Those looking to benefit from the flexibility and accuracy of smartphones that offer a more capable operating system and display may become frustrated by the M10 but, if satellite navigation is a primary concern, there's plenty to like.
Excellent GPS capabilities; good quality display; 3.5mm headphone jack; good battery life.
Rather outdated and sluggish operating system; touch-screen accuracy issues around the edges of the display; resistive rather than capacitive screen
£ 300 SIM-free
3.5in TFT resistive touch display (480 x 800), Windows Mobile 6.5, Qualcomm 7227 600MHz CPU, 512MB RAM + 512MB ROM, 4GB internal storage, microSDHC, 3G, 802.11b/g Wi-Fi, Bluetooth 2.0, 5-megapixel camera, 600 hours standby, eight hours talk, 58 x 116 x 14mm, 138g.
MP3 players have suffered in recent years owing to the ever-increasing flexibility of the mobile phone and, if partnerships like Garmin-Asus are anything to go by, the in-car GPS should be heading the same way.
The Nuvifone M10 is a Windows Mobile smartphone that looks to combine the strengths of Garmin and Asus to produce an all-rounder that tips its cap firmly in the direction of satellite navigation.
Of course, most modern smartphones now offer some kind of navigational aid but, while this is often seen as an addition to the core functionality of a communications device, the M10 seems to have done it the other way around.
The handset is based on Windows Mobile 6.5, which may not prove too popular with those used to the faster, more flexible and more intuitive approach taken by alternatives such as Android and Symbian.
But this isn't something that should put off users who are happy with a less versatile environment that's perfectly capable of handling the core functionality of the phone.
Garmin has opted against capacitive technology for a cheaper, less versatile 3.5in resistive display. This is a bit of a shame considering the benefits of multi-touch in zooming around a map but, with a healthy 480 x 800 resolution, we're not going to get too hung up on it.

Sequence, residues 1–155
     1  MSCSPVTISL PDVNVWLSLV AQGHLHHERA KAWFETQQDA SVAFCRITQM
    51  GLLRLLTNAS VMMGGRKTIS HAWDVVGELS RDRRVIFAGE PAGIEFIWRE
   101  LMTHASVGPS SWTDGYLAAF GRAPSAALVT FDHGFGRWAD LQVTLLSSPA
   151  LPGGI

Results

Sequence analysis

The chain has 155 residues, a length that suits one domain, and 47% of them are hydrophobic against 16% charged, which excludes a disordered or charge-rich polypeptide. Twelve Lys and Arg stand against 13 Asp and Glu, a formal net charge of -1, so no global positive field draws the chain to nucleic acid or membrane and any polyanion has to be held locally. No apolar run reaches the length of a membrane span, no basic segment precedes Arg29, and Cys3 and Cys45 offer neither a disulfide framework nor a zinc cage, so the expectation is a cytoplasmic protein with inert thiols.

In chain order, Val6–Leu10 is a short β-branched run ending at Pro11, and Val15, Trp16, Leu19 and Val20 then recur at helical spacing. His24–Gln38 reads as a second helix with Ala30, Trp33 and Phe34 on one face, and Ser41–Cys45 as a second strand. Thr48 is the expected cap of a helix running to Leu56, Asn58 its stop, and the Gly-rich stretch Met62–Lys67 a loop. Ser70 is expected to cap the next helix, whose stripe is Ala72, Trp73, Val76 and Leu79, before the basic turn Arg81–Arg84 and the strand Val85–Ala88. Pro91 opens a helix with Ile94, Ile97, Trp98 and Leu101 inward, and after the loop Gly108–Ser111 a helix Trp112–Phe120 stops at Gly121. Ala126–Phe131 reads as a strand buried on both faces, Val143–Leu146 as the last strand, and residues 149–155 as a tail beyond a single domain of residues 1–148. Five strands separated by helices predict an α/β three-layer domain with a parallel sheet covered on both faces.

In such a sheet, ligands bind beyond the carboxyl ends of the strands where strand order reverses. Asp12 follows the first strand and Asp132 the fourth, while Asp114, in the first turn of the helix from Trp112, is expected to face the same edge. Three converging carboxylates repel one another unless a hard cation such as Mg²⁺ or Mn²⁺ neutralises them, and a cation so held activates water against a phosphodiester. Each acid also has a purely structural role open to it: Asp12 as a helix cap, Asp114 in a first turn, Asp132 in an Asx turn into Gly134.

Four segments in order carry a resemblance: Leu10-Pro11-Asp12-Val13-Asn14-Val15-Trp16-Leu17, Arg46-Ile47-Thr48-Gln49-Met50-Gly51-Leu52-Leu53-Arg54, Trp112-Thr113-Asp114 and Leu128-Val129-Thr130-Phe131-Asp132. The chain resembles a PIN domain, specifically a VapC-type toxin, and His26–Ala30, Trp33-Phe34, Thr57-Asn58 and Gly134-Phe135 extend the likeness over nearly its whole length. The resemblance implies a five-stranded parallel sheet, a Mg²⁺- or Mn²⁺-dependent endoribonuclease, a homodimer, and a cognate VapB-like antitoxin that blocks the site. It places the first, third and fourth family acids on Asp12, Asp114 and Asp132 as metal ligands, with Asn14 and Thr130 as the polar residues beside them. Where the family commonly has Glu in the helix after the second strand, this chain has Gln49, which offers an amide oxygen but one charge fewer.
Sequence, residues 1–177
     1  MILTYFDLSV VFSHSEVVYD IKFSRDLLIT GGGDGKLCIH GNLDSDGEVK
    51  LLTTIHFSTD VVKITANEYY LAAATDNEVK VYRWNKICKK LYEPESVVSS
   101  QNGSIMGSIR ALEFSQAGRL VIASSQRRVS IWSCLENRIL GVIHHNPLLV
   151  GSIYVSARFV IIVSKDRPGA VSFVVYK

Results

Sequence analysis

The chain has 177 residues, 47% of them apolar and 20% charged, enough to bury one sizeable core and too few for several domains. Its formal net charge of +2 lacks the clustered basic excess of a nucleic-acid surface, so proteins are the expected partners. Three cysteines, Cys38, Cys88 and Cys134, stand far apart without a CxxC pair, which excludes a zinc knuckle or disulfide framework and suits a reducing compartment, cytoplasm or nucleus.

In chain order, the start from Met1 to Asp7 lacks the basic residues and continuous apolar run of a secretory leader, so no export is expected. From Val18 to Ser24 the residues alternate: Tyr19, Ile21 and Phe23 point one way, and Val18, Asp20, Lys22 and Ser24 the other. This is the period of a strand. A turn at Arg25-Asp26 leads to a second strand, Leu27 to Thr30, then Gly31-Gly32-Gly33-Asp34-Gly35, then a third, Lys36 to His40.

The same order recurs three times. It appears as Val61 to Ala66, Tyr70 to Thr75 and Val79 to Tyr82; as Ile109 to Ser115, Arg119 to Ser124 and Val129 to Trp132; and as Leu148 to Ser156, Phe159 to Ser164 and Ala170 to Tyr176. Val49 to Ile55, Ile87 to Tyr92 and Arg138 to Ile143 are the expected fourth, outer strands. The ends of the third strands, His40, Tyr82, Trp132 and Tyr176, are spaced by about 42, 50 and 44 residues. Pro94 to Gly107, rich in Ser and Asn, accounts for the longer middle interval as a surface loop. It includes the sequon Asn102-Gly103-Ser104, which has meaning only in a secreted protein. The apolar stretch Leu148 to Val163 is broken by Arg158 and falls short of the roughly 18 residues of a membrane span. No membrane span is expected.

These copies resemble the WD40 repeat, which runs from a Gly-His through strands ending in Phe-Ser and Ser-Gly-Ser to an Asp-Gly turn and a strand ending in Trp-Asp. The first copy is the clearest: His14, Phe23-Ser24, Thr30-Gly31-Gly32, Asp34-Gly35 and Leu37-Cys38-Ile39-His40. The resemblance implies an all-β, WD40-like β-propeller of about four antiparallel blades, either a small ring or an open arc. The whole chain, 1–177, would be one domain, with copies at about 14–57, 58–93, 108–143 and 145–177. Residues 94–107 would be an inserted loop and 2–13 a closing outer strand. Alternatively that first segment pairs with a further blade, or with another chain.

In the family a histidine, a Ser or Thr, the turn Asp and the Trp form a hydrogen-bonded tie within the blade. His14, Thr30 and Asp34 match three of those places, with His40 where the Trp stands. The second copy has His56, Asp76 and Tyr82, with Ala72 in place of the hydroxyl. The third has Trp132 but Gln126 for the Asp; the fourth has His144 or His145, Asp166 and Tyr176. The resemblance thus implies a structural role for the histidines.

The M10's accuracy as a touch-sensitive screen is reasonably good, but lags behind some of the big hitters in this market as it occasionally misinterprets an action or fails to register a command.
This doesn't happen too often, but more dextrous individuals who expect to fly around menus at speed will find it lags a little at times, and buttons or icons placed at the edge of the display can be awkward to hit correctly with a finger.
There's a built-in stylus to help improve accuracy, and for the most part buttons are large enough to compensate for less nimble digits. Aside from the main display there are three soft-keys for accessing the main menu and dialling or hanging up a call. These can be a little unresponsive, though, and are no substitute for raised tactile controls.
In terms of quality and clarity, this is an excellent display that recreates vibrant colours accurately and cleanly, and is capable of an impressive amount of fine detail thanks to the relatively high resolution.
This is particularly evident with the built-in 5-megapixel camera, and the high refresh rate of the screen makes it a joy to snap photos and 800 x 480 30fps video. The shutter response is extremely quick, and photos display in under a second, although, as with most cameras of this ilk, quality is compromised considerably in dimly lit environments partly due to the lack of flash.
The only real qualm we have here is that the screen can actually be a little misleading as to the quality of a picture. On transferring images to a computer we noted that colours weren't as vibrant as they initially appeared, and a bit of work will be needed to enhance these to a desired level of quality.